Column: Rahm just as determined in classroom as on course

From FOX Sports - January 9, 2018

HONOLULU (AP)Jon Rahm never lacked for confidence with his golf.

His father needed a little more convincing.

Thats a big reason why Edorta Rahm was so bullish on his son leaving their small town of Barrika in the Basque region of northern Spain for college in America. Never mind that his son didnt speak a word of English. This wasnt about improving his golf. He wanted Rahm to get an education.

The 23-year-old Rahm returned home in December with the best of both worldsa degree in communications from Arizona State, and three victories worldwide in his 18 months as a pro that have taken him to No. 3 in the world, the highest-ranked European.

Rahm recalled one conversation with his father that allowed him to look back on the path he took with no regrets.

So many parents make the mistake that kids are more than what they really are, and they give them too much confidence, Rahm said. My dad was always a few steps away from that. He always thought, `Get a degree, just in case. He said: `Go to the States. Stay there one year. If you hate it, the worst thing happening is you learn English, which is going to be good for you either way.

I promised him I would get my degree.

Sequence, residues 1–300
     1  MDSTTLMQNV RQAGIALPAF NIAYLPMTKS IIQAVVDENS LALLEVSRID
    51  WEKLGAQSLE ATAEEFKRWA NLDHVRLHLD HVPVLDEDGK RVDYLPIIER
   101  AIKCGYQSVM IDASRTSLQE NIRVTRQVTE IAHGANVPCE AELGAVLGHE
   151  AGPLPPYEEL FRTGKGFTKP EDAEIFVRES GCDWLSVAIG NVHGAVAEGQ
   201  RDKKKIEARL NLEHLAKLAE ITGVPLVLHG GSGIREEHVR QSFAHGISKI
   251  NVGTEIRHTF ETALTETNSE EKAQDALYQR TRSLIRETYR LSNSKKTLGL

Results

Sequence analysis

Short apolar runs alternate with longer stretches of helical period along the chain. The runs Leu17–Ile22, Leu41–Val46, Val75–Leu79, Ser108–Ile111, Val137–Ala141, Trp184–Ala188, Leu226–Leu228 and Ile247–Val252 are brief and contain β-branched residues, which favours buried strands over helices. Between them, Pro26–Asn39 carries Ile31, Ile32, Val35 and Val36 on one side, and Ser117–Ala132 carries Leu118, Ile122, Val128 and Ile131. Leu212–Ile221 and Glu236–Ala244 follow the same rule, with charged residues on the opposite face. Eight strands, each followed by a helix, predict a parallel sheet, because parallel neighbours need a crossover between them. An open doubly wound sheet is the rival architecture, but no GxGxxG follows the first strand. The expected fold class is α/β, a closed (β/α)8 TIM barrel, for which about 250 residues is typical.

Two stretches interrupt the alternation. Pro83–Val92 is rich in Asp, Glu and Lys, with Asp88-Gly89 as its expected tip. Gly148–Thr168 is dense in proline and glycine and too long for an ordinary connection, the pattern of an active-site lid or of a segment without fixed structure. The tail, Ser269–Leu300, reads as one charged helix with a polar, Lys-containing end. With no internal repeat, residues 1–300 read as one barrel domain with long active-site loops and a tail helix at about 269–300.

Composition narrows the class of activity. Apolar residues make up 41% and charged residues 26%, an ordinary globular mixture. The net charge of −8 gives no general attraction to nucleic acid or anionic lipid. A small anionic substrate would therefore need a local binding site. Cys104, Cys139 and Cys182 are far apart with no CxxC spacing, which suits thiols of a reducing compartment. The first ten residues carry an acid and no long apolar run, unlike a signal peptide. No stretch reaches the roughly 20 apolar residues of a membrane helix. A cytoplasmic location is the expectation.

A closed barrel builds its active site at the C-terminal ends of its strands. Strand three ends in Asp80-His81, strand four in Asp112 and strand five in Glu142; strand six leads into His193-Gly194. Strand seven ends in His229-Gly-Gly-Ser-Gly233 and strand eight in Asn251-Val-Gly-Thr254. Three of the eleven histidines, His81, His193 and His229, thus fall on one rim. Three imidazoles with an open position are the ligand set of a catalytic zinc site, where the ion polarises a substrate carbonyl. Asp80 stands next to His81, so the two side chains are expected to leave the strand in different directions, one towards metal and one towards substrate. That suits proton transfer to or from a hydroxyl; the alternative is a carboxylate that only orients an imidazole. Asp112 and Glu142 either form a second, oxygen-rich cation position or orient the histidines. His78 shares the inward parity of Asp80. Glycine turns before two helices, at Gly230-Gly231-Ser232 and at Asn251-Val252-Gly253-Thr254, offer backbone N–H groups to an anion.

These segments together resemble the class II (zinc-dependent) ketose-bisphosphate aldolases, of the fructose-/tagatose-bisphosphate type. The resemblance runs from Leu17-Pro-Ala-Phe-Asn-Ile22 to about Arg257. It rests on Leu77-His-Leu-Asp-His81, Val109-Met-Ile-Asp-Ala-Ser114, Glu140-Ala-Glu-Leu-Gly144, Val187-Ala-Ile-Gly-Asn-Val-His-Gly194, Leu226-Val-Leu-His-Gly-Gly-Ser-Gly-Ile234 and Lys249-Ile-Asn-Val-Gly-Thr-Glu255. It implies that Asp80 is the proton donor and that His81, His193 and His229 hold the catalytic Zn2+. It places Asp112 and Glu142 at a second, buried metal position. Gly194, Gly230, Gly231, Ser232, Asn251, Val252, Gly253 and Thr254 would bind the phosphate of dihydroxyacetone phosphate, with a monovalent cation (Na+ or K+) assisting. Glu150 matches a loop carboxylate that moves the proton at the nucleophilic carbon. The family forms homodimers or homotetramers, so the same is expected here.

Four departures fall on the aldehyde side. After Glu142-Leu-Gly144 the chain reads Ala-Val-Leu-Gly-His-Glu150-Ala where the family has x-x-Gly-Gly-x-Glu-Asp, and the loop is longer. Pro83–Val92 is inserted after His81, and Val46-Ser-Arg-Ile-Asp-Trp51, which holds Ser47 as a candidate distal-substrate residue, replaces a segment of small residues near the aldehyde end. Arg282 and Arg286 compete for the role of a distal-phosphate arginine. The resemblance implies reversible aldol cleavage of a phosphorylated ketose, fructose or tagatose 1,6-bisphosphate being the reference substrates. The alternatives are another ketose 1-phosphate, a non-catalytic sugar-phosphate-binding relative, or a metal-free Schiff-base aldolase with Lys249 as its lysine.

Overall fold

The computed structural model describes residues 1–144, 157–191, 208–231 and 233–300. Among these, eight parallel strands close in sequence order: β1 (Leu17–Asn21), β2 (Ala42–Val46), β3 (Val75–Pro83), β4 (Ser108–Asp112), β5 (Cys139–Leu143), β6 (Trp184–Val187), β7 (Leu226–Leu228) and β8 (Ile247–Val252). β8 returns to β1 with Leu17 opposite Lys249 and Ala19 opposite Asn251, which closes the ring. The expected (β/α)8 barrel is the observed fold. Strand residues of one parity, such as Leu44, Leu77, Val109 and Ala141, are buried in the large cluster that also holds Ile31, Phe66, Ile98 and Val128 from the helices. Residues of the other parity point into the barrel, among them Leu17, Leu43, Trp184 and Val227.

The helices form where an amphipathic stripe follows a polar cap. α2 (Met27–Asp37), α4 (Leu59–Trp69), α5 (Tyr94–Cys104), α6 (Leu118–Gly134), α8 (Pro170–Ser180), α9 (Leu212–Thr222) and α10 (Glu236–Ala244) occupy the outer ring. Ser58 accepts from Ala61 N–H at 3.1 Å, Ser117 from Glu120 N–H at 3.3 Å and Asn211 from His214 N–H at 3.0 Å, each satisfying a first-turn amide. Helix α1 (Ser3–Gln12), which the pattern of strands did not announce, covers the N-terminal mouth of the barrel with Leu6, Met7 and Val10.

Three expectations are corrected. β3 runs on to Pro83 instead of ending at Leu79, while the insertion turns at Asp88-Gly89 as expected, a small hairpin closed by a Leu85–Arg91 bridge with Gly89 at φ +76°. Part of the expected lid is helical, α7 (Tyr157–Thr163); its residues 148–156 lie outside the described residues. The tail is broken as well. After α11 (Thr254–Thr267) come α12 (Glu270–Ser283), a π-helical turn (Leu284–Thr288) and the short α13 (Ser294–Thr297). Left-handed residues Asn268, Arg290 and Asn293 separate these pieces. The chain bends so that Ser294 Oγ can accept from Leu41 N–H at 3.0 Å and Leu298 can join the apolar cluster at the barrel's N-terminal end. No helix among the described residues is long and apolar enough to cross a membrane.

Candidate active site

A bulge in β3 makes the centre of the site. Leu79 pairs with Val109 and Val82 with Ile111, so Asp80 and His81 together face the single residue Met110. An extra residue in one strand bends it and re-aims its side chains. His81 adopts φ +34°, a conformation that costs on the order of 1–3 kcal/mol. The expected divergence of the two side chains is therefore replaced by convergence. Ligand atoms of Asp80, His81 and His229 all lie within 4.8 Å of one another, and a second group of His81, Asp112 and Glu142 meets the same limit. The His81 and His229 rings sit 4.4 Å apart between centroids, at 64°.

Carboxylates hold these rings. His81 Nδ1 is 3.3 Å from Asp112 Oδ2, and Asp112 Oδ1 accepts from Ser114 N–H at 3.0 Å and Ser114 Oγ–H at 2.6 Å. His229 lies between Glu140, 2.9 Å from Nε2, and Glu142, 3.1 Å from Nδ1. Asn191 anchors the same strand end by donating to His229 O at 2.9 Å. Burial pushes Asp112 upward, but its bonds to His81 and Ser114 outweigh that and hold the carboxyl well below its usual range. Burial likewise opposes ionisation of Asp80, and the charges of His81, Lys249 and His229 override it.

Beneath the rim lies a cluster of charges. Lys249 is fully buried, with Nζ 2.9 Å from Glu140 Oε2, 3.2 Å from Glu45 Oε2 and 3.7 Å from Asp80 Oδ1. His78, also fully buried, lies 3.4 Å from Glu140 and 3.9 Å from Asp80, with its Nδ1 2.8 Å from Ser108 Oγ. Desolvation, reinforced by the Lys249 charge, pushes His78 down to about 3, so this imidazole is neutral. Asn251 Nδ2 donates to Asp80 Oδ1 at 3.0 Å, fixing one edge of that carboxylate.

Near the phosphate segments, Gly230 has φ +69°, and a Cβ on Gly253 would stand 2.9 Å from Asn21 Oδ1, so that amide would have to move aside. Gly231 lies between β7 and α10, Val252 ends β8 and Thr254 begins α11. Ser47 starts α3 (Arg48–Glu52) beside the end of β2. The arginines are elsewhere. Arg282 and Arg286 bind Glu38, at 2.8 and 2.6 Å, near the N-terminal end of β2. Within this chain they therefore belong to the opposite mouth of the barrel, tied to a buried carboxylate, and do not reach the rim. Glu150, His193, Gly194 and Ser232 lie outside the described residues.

Rahm has done so much in such a small amount of time. He needed only four PGA Tour starts as a pro to earn his card. It took him only 12 starts to earn his first victory, holing that 50-foot eagle putt from the back of the 18th green at Torrey Pines. He blew away a solid field at the Irish Open. He won the European Tour finale in Dubai. And with a runner-up finish last week at Kapalua, he became the fourth-youngest player to reach No. 3 in the world since the ranking began in 1986.

Of all his achievements, one that doesnt get enough attention is that college degree.

His first trip to America was a flight to Phoenix to check into his dorm. He spoke no English. He was so oblivious to college that he didnt even realize he had to buy his own sheets for his dorm room. On his first day of class, he brought a pencil and a notebook. Everyone else had laptops.

And he graduated in four years, never tempted to turn pro despite winning the individual medal at the World Amateur Team Championship, and the following year tying for fifth at the Phoenix Open when he was a junior.

It was that performance that Rahm said convinced his father this golf thing might work out OK.


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